Cerebral aneurysms are typically asymptomatic until ruptured, resulting in a subarachnoid hemorrhage.
Head CT usually confirms the diagnosis of subarachnoid hemorrhage if performed within 6 hours of symptom onset, but lumbar puncture is indicated if the CT is negative after 6 hours and suspicion persists.
Cerebral angiogram is the definitive investigation. CT angiography or magnetic resonance angiography may also be used.
Definitive treatment aims to obliterate the aneurysm from the cerebral circulation. Options include microsurgical clipping or endovascular techniques.
Screening with noninvasive neuroangiography is recommended for at-risk populations.
A cerebral aneurysm is a focal abnormal dilation of the wall of an artery in the brain. Intracranial aneurysms are most commonly located at branching points of the major arteries at the base of the brain, which course through the subarachnoid space. Cerebral aneurysms can, by nature of their size, compress neighboring nerves or brain tissue or, more devastatingly, rupture and cause significant morbidity and mortality.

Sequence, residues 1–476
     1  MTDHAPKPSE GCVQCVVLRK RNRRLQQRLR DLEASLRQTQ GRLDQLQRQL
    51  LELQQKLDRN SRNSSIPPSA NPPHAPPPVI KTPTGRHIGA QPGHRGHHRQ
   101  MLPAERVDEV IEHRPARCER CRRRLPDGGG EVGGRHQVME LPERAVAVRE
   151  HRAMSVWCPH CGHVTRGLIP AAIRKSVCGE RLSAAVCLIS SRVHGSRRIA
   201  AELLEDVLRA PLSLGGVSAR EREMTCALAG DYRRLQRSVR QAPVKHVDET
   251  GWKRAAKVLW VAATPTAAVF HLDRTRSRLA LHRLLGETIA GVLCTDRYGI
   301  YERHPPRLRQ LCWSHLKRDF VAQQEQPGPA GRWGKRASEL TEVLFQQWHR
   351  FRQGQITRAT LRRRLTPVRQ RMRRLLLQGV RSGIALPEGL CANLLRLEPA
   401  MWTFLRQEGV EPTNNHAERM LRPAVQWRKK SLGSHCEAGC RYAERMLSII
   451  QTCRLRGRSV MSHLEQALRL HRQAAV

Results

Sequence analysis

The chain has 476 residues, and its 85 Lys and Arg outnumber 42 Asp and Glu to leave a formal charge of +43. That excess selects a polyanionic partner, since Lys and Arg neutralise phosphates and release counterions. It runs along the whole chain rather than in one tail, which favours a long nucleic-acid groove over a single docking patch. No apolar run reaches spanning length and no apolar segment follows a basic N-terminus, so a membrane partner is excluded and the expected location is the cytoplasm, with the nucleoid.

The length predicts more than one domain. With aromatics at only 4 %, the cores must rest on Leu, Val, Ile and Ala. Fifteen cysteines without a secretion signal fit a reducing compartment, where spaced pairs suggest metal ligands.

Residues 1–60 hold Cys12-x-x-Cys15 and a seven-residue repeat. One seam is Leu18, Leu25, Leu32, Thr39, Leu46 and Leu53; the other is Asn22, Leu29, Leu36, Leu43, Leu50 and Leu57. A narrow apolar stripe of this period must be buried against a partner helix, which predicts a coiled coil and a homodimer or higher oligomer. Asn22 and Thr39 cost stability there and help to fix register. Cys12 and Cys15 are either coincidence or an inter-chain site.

History and exam
Key diagnostic factors
Other diagnostic factors
- nuchal rigidity
- decreased level of consciousness
- focal neurologic deficit
- moderate- to high-level alcohol consumption
- family history of subarachnoid hemorrhage
- previous subarachnoid hemorrhage
- heritable connective tissue disease
- head trauma
- intracranial infection
- arteriovenous malformations or fistulas
- drug abuse
1st investigations to order
- CT head scan
- conventional catheter-based angiogram
- CT angiography
- magnetic resonance angiography (MRA)
Investigations to consider
- lumbar puncture
- Arteriovenous malformation
- Hypertensive intracerebral hemorrhage
- Cerebral venous sinus thrombosis
- Guidelines for the management of patients with aneurysmal subarachnoid hemorrhage
- Guidelines on management of unruptured intracranial aneurysms
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